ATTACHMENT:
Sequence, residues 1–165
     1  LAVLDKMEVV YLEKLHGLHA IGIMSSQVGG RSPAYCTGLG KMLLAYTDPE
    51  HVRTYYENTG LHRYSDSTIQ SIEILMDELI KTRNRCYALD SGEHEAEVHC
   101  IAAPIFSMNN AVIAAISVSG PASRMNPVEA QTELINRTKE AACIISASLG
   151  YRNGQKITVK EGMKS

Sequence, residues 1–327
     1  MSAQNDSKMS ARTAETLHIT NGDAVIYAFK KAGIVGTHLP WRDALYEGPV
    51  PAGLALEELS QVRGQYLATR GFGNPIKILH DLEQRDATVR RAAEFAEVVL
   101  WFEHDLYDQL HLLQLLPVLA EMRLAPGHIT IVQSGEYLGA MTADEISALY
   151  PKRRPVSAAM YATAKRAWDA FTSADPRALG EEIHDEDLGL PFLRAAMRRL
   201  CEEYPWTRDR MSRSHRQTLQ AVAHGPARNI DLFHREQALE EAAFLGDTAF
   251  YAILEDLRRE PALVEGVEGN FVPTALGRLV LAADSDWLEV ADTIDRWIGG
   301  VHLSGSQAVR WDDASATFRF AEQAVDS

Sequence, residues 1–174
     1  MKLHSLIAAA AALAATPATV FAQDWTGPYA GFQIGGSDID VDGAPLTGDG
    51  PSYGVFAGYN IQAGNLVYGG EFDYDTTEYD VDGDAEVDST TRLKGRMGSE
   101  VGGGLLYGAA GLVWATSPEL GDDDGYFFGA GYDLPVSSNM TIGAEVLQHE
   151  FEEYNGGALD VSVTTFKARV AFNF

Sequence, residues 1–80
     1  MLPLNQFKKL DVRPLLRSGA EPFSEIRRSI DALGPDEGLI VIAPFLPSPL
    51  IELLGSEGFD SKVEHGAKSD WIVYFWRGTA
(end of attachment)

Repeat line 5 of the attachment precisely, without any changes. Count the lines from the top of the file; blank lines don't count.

   151  YRNGQKITVK EGMKS